He also talked of the confusing information that was relayed.  One year getting a letter to reassure him that he hadn’t been exposed to CJD, only for another letter to arrive three years later suggesting he may have been possibly exposed.  It is not difficult to imagine how terrifying this would be.

Unfortunately, Paul lost his brother to liver cancer just a few years ago, possibly connected to his own previous hep C infection.

Paul made a plea for better understanding. He said doctors should never have been in a situation where they were giving “bad” blood, that people are dying at a rate of one every four days due to this illness and the financial support available for them in Northern Ireland is not equal to other UK countries, in particular referring to the special category mechanism payment put in place to acknowledge other conditions and the severe effects of interferon based treatments.  He also talked of the many widows who receive no support.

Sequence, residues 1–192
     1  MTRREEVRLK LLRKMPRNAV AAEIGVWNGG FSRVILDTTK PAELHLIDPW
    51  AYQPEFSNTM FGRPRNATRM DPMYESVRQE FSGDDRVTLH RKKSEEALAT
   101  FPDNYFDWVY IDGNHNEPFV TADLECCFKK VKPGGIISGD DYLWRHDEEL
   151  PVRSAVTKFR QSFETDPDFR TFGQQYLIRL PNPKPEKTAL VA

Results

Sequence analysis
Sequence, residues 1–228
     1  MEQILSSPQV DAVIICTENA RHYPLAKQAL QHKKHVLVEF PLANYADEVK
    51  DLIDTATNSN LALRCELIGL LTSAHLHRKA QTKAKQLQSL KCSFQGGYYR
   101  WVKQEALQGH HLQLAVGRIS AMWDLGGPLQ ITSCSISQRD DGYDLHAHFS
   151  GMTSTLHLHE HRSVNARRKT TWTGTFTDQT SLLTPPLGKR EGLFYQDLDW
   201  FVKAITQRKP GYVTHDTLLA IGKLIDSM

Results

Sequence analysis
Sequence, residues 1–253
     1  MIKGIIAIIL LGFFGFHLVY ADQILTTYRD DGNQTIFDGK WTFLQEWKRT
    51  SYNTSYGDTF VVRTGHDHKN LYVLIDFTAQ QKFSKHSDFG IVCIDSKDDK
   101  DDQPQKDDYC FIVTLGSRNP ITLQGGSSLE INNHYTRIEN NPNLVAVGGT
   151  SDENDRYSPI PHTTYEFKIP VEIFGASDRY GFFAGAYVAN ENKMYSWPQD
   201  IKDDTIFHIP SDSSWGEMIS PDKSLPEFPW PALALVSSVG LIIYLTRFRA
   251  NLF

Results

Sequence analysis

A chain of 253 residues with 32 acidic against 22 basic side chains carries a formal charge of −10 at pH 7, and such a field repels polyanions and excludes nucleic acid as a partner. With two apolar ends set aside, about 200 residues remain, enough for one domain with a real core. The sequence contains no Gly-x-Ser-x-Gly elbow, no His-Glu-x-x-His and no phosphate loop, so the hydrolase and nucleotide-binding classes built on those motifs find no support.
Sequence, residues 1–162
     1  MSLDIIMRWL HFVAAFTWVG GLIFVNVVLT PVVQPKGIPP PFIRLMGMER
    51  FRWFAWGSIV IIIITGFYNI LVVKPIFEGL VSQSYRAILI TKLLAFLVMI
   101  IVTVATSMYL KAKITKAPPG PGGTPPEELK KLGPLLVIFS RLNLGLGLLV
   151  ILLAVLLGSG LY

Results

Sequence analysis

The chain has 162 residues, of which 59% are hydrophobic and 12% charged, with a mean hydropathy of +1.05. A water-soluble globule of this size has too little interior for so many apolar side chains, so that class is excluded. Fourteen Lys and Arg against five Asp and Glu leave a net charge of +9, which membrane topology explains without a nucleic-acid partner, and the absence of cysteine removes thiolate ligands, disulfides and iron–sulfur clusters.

Talked about her father who had also had haemophilia and had multiple exposures to infected blood, along with other medical complications over the years that had caused him to be severely disabled.

It was clear he was given poor and confusing information over the many years before he died, causing great difficulties for all his family.  She also bravely touched on an issue people rarely talk about what may happen when someone with hep C dies, in how their body may be handled.  She explained how the family were told by the undertaker that he was in “a disaster bag” and that they were only allowed to view him briefly and even then that his body was covered and his face obscured by a net.

She then talked of how her mother, after spending so much of her life with him in total secrecy about his illnesses, then spent the rest of her life becoming increasingly reclusive and unable to cope.